LiFeSO4F as a Cathode Material for Lithium-Ion Batteries : Synthesis, Structure, and Function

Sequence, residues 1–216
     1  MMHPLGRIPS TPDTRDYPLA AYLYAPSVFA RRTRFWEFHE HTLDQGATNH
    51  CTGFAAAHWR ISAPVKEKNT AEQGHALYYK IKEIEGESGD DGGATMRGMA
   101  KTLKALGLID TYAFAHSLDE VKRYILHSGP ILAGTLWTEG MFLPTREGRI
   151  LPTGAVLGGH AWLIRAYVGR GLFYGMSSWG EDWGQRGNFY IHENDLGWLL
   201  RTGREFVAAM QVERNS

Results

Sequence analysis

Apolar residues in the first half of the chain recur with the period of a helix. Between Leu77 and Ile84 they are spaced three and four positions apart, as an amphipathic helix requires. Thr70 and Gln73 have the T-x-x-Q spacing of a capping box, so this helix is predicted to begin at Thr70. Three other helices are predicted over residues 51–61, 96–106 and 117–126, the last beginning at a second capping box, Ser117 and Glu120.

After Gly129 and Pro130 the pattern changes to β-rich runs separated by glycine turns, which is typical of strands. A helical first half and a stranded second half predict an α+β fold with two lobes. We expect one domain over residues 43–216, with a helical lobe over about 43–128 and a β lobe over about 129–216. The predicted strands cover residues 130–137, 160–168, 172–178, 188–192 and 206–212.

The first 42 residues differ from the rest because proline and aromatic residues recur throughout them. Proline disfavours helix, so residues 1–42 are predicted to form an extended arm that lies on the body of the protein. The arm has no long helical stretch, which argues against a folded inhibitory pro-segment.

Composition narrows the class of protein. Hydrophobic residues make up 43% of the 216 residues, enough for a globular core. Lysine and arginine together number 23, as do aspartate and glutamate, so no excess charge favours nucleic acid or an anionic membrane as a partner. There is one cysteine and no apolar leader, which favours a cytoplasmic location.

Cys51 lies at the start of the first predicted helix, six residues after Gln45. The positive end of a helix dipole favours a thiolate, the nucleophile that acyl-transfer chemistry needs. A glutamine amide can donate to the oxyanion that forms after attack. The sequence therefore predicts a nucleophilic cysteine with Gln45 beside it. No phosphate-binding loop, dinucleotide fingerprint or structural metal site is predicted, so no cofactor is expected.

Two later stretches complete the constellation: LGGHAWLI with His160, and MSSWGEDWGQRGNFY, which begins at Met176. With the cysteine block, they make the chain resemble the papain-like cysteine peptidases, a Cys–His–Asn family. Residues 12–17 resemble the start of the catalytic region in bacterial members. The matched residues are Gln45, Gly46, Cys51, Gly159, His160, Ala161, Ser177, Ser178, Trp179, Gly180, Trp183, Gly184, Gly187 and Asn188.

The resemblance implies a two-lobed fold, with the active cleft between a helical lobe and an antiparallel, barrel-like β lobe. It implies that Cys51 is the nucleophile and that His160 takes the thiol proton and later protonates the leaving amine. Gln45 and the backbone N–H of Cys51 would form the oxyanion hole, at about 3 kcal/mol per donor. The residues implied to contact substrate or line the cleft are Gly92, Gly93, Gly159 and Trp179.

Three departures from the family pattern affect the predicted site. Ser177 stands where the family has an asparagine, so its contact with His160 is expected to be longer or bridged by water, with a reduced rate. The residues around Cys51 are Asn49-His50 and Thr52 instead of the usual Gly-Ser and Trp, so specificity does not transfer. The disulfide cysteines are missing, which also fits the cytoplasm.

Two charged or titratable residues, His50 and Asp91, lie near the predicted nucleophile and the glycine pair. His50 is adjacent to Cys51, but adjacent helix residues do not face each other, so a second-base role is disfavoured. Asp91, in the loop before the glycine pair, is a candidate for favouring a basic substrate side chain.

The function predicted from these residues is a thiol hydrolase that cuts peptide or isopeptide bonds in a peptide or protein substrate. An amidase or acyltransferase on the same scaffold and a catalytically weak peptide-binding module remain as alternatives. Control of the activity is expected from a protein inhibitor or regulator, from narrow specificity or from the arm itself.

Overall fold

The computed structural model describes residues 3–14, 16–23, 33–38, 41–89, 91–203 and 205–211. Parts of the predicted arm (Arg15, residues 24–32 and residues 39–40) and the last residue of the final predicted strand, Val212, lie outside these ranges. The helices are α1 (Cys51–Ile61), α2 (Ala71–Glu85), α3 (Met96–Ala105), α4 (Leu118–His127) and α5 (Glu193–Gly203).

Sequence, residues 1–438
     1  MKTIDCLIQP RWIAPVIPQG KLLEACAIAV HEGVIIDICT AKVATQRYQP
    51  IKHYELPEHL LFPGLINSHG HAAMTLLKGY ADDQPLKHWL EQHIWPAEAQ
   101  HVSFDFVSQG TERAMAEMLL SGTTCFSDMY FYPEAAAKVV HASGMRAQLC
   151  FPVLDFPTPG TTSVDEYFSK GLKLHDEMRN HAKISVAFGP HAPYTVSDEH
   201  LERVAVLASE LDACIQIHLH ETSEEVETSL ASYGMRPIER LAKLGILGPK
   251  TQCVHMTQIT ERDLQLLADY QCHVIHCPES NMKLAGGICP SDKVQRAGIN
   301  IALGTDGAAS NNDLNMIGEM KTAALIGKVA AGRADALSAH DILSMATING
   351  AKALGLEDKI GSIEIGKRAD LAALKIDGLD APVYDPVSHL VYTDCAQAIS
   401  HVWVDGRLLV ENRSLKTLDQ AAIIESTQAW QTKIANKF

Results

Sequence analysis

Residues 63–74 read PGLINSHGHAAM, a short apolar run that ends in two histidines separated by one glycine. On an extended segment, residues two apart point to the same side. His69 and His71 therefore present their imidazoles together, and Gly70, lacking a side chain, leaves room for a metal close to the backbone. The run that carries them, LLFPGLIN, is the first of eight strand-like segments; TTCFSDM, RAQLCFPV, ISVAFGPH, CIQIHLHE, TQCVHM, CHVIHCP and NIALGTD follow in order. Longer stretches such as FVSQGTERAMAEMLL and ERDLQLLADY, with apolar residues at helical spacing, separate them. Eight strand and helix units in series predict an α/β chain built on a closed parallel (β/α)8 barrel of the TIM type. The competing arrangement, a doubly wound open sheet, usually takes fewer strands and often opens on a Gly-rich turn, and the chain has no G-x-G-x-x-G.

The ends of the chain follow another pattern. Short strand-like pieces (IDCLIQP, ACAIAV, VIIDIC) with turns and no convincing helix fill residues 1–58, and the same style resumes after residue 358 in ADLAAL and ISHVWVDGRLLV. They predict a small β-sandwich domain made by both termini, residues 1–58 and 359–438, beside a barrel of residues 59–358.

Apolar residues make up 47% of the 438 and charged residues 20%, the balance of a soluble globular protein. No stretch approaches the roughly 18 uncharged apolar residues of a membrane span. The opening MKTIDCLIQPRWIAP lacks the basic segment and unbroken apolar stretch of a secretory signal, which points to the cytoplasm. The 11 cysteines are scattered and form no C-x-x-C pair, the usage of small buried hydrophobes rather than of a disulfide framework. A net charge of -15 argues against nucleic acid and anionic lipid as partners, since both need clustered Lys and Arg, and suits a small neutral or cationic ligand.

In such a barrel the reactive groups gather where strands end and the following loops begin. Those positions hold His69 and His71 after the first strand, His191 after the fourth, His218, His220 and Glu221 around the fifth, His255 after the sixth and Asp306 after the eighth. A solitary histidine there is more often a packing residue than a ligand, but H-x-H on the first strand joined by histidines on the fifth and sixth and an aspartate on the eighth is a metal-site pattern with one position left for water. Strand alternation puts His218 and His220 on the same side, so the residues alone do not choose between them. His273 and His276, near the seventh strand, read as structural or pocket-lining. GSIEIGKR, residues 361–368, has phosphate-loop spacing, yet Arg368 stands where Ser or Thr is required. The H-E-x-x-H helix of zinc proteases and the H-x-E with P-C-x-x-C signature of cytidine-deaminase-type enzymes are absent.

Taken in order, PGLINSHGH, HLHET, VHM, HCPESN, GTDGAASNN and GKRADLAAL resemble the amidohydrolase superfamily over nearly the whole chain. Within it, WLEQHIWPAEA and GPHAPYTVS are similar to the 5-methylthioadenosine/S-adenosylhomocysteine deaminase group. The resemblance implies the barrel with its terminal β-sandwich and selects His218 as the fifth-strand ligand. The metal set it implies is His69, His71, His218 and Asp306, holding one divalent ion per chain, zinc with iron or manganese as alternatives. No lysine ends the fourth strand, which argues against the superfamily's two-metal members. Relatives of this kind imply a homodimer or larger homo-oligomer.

Sammanfattning: In this thesis, two recently discovered polymorphs of LiFeSO4F, adopting a tavorite- and triplite-type structure, were investigated as potential candidates for use as cathode materials in Li-ion batteries. The studies aimed at enriching the fundamental understanding of the synthetic preparations, structural properties, and electrochemical functionality of these materials.By in situ synchrotron X-ray diffraction (XRD), the formation mechanism of the tavorite-type LiFeSO4F was followed starting from two different sets of precursors, FeSO4∙H2O + LiF, and Li2SO4 + FeF2. The results indicated that the formation of LiFeSO4F is possible only through the structurally related FeSO4∙H2O, in line with the generally recognized topotactic reaction mechanism. Moreover, an in-house solvothermal preparation of this polymorph was optimized with the combined use of XRD and Mössbauer spectroscopy (MS) to render phase pure and well-ordered samples. Additionally, the triplite-type LiFeSO4F was prepared using a facile high-energy ball milling procedure.The electrochemical performance of as-prepared tavorite LiFeSO4F was found to be severely restricted due to residual traces of the reaction medium (tetraethylene glycol (TEG)) on the surface of the synthesized particles. A significantly enhanced performance could be achieved by removing the TEG residues by thorough washing, and a subsequent application of an electronically conducting surface coating of p-doped PEDOT. The conducting polymer layer assisted the formation of a percolating network for efficient electron transport throughout the electrode, resulting in optimal redox behavior with low polarization and high capacity. In the preparation of cast electrodes suitable for use in commercial cells, reducing the electrode porosity was found to be a key parameter to obtain high-quality electrochemical performance. The triplite-type LiFeSO4F showed similar improvements upon PEDOT coating as the tavorite-type polymorph, but with lower capacity and less stable long-term cycling due to intrinsically sluggish kinetics and unfavorable particle morphology.Finally, the Li+-insertion/extraction process in tavorite LiFeSO4F was investigated. By thorough ex situ characterization of chemically and electrochemically prepared LixFeSO4F compositions (0≤x≤1), the formation of an intermediate phase, Li1/2FeSO4F, was identified for the first time. These findings helped redefine the (de)lithiation mechanism which occurs through two subsequent biphasic reactions, in contrast to a previously established single biphasic process.
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